Parents are set to receive a letter revealing the plans for jabbing kids in the coming days, No10’s vaccine minister Nadhim Zahawi revealed today. They will also be asked to consent to their child receiving the vaccine. 

Will it need parental consent?

Under-16s are not automatically presumed to be legally competent to make decisions about their healthcare and, therefore, whether they should get the Covid jab.

But the courts have previously ruled that under-16s are competent to give consent to an intervention if they have ‘sufficient understanding and intelligence to understand fully what is proposed’.

This is known as the ‘Gillick test’, and has been in place since the 1980s.  

The test is normally carried out by a medical professional or nurse, who assesses the child’s maturity, and their understanding of the advantages, disadvantages and potential long-term impacts of vaccination. They then give a view on whether the child is competent to consent to vaccination.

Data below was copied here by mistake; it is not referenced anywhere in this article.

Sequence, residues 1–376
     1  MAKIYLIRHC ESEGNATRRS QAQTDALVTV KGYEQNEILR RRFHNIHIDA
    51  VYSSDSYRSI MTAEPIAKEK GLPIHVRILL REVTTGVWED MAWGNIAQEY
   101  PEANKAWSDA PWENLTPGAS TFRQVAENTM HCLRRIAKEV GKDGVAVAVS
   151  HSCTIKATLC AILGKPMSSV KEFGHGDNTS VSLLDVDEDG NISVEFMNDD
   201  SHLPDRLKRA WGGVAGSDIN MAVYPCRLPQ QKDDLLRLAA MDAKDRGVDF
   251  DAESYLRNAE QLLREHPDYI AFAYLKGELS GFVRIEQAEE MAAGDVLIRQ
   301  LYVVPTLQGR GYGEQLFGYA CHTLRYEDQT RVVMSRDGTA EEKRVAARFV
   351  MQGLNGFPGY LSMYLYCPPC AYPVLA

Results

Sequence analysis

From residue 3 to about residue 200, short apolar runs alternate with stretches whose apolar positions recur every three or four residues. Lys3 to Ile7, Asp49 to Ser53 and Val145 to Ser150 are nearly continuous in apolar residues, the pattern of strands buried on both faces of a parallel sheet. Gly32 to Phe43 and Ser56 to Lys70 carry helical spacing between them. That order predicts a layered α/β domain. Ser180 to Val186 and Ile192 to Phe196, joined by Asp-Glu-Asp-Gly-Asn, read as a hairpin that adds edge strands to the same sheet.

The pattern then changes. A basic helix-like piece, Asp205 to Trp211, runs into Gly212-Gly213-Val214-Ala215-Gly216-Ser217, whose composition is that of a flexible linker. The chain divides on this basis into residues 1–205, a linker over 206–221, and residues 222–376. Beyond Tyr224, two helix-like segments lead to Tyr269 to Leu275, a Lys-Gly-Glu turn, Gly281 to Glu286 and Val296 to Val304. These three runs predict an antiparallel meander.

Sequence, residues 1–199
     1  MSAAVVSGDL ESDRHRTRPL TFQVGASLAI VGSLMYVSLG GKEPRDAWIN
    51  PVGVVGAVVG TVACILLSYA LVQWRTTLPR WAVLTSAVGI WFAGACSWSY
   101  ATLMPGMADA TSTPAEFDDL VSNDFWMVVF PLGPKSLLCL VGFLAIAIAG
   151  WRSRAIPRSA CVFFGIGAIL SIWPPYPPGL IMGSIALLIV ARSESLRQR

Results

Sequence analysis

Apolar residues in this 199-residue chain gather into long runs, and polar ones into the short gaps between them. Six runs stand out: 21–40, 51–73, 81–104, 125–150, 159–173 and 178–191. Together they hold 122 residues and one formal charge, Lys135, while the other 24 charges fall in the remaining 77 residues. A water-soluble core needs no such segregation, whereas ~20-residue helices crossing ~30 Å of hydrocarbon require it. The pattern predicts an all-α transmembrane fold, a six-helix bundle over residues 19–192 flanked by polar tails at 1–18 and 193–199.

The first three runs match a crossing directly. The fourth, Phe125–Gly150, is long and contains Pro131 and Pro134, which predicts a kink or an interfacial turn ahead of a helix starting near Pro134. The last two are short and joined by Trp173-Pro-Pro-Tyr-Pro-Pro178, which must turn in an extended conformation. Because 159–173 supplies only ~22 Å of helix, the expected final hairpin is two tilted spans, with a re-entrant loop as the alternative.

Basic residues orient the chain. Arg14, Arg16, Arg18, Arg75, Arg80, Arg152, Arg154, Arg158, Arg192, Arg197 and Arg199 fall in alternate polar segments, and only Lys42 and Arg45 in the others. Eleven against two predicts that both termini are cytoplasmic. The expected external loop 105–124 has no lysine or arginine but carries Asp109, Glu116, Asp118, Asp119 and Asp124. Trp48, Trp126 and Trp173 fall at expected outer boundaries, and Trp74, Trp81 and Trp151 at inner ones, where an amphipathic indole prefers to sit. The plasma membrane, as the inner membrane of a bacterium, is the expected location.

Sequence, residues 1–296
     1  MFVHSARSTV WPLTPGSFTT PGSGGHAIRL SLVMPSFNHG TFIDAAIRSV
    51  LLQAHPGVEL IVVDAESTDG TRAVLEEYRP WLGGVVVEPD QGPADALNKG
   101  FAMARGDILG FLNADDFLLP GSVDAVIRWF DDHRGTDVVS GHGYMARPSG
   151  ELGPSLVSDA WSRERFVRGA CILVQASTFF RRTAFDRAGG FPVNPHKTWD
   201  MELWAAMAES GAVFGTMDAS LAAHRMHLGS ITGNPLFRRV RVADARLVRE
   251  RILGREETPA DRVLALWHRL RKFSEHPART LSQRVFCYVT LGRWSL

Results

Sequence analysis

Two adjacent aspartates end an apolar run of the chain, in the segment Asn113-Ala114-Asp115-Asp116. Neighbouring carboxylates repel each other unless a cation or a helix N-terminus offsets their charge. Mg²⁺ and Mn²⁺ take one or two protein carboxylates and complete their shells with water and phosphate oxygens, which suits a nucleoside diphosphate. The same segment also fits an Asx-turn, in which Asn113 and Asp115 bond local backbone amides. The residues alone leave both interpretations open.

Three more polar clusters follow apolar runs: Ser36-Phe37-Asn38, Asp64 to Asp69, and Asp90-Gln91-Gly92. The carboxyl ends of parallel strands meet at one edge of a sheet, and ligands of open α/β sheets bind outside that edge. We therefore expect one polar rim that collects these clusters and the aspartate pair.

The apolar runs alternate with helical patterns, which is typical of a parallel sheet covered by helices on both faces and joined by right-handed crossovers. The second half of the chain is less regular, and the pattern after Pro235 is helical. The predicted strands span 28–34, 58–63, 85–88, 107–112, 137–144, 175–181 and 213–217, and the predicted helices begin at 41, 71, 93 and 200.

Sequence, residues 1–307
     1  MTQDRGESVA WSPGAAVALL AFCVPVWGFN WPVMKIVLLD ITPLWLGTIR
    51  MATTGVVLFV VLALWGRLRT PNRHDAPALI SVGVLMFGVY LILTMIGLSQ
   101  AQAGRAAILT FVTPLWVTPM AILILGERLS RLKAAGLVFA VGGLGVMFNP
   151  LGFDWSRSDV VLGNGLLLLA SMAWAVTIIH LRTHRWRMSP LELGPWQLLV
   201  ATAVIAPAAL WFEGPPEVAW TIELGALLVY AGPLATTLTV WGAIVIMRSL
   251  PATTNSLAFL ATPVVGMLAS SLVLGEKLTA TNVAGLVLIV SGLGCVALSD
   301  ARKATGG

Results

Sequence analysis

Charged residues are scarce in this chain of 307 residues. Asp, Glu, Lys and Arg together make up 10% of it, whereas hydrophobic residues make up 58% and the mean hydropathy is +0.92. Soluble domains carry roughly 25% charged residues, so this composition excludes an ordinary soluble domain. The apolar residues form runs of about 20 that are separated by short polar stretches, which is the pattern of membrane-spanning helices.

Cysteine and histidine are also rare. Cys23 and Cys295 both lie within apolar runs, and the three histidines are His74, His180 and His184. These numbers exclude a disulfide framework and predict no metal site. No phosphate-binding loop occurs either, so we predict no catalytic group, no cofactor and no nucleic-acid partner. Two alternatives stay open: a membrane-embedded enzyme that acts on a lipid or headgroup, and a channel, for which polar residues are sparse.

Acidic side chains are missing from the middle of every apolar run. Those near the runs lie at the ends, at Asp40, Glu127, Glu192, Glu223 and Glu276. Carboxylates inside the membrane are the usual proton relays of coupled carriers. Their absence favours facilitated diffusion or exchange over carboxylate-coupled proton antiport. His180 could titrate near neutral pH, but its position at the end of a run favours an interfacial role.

Can children overrule their parents?

Mr Zahawi said today that children as young as 12 could be able to overrule their parents to get the vaccine.

But he admitted this was likely to be a ‘very rare occurrence’ for the youngest children. He also said parents should not be ‘stigmatised’ if they are hesitant about their children being vaccinated.

Mr Zahawi said children would only be able to choose to have the coronavirus vaccine against their parents’ wishes following a meeting with a clinician.  

The deputy head of the JCVI Professor Anthony Harnden said there was ‘sliding scale’ of competency, meaning it would be easier for a 15-year-old to overrule their parents than a 12-year-old who is ‘less likely to be deemed competent’.

Professor Chris Whitty said, in terms of medical consent: ‘In the majority of cases, children and their parents come to the same decision.’